I'm not what you would call a fan of Donald Trump. I think his mouth outpaces his brain by about four lengths, and he speaks in sound bites and pep-rally jargon rather than gives specifics. Marco Rubio [sigh] would have made a much better candidate, and a much more formidable opponent than Trump would be, if polls are to be believed.

That said, I don't believe the lunacy at Trump rallies is all his fault. DJT's events are being disrupted by activists with the same sort of tactics seen at college campuses, where students and their aging mentors simultaneously cry out for free speech and chant to drown out any speaker they don't like. Consider what Milo Yiannopolous and Ben Shapiro have had to contend with in the last few weeks.

"Free speech for me, but not for me," as Nat Hentoff put it.

It's one thing to stand outside a Trump rally with a sign in silent protest; it's another to cause a disruption at an event. This is not to comment on how such disruptions are handled, except to point out that any protestor who displays violence should expect the right of self-defense to be availed.

I'd rather have any other Republican as president than Donald Trump, but I don't want harm to come to him.

Monday, February 29, 2016

This Leap Year's Fun Fact, Same as the One Before

The adjustment known as leap year isn't as simple as "every four years." If that's all we did, our calendar would still be quite screwed up. To be even more precise and keep the earth from gaining or losing too much time, every year that is a multiple of 100 but not a multiple of 400 will not be a leap year. You may remember that 2000 was a leap year, though 2100, 2200, and 2300 will not be leap years, and then 2400 will be one.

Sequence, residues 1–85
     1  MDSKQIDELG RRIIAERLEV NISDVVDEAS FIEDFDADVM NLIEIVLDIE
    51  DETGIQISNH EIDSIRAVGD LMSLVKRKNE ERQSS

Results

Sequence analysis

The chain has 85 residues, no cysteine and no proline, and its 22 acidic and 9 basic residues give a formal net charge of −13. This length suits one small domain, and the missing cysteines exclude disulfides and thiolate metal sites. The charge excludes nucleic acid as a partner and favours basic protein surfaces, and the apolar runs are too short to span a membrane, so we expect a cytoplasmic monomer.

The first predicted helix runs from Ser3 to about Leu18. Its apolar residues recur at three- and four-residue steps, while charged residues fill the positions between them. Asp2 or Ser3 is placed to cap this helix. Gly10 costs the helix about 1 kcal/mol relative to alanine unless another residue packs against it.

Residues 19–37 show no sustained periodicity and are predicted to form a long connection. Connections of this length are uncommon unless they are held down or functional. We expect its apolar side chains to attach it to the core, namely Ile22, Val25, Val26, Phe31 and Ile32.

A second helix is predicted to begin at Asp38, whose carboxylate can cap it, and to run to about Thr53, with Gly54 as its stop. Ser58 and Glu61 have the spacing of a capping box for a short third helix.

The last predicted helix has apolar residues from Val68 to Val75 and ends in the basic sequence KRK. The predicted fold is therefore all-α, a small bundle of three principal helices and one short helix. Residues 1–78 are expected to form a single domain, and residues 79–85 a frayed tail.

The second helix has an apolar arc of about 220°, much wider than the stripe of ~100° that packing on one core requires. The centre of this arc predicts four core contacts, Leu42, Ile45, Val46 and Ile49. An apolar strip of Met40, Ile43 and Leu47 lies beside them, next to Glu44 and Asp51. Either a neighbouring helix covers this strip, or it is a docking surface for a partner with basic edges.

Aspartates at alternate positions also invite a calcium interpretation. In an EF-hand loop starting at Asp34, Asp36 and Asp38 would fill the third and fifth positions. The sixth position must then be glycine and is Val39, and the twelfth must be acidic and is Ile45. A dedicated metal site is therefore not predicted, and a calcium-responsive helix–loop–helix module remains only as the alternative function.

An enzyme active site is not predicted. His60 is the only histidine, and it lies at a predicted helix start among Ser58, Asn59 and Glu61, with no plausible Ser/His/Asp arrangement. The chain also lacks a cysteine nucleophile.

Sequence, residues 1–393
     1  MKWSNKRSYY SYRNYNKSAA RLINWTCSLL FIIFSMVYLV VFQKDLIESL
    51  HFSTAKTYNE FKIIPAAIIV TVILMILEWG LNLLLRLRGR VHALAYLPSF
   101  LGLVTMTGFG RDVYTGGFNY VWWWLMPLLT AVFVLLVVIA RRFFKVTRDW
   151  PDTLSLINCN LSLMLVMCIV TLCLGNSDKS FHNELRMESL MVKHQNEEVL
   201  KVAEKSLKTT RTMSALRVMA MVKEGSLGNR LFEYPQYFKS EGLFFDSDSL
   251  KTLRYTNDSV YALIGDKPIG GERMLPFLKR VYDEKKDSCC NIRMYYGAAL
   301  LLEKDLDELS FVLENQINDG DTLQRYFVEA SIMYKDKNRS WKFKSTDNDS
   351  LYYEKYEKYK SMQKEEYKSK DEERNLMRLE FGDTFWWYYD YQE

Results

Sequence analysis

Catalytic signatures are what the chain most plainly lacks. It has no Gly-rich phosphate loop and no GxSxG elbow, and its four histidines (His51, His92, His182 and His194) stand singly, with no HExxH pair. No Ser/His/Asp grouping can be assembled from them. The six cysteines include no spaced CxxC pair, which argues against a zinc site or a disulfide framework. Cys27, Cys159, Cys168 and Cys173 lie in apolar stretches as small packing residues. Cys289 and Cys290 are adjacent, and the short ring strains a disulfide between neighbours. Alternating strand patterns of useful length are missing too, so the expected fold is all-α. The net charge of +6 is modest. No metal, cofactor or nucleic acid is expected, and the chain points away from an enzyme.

Want to experience them with me? Eat your vegetables.

Saturday, February 27, 2016

Clinton Wants to Have It Both Ways on the Supreme Court

Letter of mine ran here in THE PHILADELPHIA INQUIRER on February 19. My original appears below. (And, yes, those cases were about specific appointees. My point is about the selective outrage, which any regular reader here would know is a common theme at BeneGram.)

I see that Sec. Hillary Clinton is now lambasting Republicans for the suggestion that the process to replace Justice Antonin Scalia, who passed suddenly on February 13, should be delayed. Let us recall that Clinton was one member of the United States Senate to engage in filibuster against Samuel Alito when President Bush nominated him during his second term. (Then-Senators Barack Obama and John Kerry did the same.) Clinton, in fact, also used the filibuster against many Bush nominees to the U.S. Court of Appeals. As for the years before Clinton was even First Lady, one need only enter the name "Robert Bork" into a search engine to see how Democrats have behaved when faced with a nominee they didn't like. 

So, apparently, Democrats, such as Clinton, are opposed to obstructing the process of replacing a Supreme Court justice -- except when they aren't.